Placerville Events


Placerville Events will be a page for the people of Placerville, Centerville and star Ranch for events. Please send us your information and we will add it to this site.

 August 21, 2017 will be a total solar eclipse and Placerville will be right in the path. We will have 1 minute and 33 seconds of total darkness around 11:30 in the morning. We will have live music on Sunday night before with the Boosters hosting again great food. There is also a pancake breakfast Monday morning. The music will be 50’s and 60’s Rock and Roll. Come dance and have fun. Camping spots ate available at Rick Barber’s place 208-392-9437 and Vic Warr has spaces at 208-830-8873. With today’s date there are still spaces available. Call and make reservations soon. The State of Idaho is telling us prepare for 1.5 million coming to Idaho. We expect up to 2,000 possible in Placerville. We will have Caps, T-Shirts, Coffee ups, Shot glasses and a very collectible coin commemorating the Solar event with only up to 100 available. It’s produced by the Northwest Mint and will be numbered. Donna’s Place in town has glasses available now, 208-392-9666..

 

“Idaho is one of the best places in the world to observe the eclipse,” said Brian Jackson, a physics professor at Boise State University, who’s heard from people in Germany, Japan, Belgium, the Netherlands and more who are making the trip. That’s because of the combination of location within the path of totality and the chances for clear weather – clouds can obscure the whole event and are more likely in the eastern U.S.

A total solar eclipse last crossed Idaho in 1979, when the eclipse crossed over the Coeur d’Alene area. But this one will follow a diagonal track across the entire United States from Oregon to South Carolina, with a 70-mile-wide swath that cuts through 14 states. “This eclipse, for millions of people, is going to be visible either from their backyard or an hour’s drive,” Jackson said. “It’s probably going to be one of the most widely viewed eclipses in human history, just because of how accessible it is.”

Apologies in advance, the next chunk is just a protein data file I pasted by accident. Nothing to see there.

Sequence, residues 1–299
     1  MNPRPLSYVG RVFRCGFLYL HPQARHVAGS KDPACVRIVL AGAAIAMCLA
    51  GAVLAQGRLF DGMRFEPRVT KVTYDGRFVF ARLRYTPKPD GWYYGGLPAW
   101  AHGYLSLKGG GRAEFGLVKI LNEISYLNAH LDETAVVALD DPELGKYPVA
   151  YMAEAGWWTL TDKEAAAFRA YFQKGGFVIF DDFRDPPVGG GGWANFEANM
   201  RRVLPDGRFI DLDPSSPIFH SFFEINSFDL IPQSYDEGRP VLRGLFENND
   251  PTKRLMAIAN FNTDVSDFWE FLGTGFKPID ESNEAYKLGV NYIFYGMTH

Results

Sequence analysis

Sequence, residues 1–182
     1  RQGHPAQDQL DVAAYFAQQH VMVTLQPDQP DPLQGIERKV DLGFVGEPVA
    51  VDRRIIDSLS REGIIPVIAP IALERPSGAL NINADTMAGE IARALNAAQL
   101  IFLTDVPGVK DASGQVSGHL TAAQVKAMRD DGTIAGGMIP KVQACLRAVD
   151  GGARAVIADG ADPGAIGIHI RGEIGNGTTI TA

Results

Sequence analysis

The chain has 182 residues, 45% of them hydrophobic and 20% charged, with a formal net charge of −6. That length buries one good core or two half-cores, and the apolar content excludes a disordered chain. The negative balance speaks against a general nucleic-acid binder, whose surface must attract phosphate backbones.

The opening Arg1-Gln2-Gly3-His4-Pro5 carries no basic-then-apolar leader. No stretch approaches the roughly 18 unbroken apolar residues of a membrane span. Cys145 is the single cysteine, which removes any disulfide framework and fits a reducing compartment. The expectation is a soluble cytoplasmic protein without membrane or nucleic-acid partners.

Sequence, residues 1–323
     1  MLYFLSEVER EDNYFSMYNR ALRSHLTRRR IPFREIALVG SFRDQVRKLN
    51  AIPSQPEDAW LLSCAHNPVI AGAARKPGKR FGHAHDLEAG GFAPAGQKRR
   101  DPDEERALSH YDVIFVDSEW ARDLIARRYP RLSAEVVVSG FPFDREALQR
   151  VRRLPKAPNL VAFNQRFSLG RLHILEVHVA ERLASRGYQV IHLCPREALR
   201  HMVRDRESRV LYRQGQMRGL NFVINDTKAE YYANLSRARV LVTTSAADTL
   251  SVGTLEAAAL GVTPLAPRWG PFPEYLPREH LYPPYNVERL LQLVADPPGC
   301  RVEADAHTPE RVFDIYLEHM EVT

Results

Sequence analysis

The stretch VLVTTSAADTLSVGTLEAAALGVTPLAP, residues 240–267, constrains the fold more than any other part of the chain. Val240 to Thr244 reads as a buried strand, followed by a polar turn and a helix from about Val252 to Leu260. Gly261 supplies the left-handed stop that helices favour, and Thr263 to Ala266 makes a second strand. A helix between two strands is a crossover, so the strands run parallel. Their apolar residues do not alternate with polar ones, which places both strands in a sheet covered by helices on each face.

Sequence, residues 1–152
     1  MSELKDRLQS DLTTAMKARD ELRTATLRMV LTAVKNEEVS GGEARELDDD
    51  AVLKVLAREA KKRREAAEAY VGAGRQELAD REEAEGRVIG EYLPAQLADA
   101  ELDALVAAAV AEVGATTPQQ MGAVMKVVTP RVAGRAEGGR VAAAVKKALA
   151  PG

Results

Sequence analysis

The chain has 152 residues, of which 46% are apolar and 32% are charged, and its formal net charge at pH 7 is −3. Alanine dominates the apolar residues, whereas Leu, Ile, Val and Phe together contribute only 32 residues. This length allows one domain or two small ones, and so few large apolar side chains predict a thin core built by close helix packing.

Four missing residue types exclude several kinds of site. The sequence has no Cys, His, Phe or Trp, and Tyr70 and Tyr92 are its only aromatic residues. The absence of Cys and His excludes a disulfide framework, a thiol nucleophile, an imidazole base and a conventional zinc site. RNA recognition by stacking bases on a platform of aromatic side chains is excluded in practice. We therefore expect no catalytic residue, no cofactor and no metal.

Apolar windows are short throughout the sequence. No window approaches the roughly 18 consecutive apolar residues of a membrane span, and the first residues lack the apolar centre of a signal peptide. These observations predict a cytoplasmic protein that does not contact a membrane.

An eclipse occurs when the moon moves in front of the sun, as seen from Earth. “When that happens, the sun basically winks out, and day becomes night, temperatures drop,” Jackson said. “It’s a very striking event. And it’s the sort of thing that really conks you over the head. You would definitely notice it.”

And only from the path of totality will the most spectacular part be visible: At the moment the moon fully obscures the sun, the glowing corona of the sun – which otherwise isn’t visible – shows up in a luminous crown around the dark disk.

It’s unsafe to view an eclipse – or look at the sun – without special eye protection. Eclipse glasses, with built-in filters that make it safe to look at the sun, are widely available for sale online; Weiser has made up its own, complete with eclipse logo and the date, and is selling them through the Chamber of Commerce, the local school district and more.

Total eclipses actually occur about every 18 months, Jackson said. “It’s just that the eclipse track is usually out over the ocean somewhere, so you’ve got to pay to get on a cruise ship in order to see it.”

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